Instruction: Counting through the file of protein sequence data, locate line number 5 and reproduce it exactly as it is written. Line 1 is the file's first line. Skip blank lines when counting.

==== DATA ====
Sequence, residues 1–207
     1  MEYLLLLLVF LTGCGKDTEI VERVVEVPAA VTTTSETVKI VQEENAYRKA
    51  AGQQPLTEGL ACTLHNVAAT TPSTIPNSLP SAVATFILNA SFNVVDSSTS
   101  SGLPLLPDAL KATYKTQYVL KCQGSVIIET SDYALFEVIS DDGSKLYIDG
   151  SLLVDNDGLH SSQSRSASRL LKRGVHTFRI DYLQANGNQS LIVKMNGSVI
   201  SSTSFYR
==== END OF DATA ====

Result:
   151  SLLVDNDGLH SSQSRSASRL LKRGVHTFRI DYLQANGNQS LIVKMNGSVI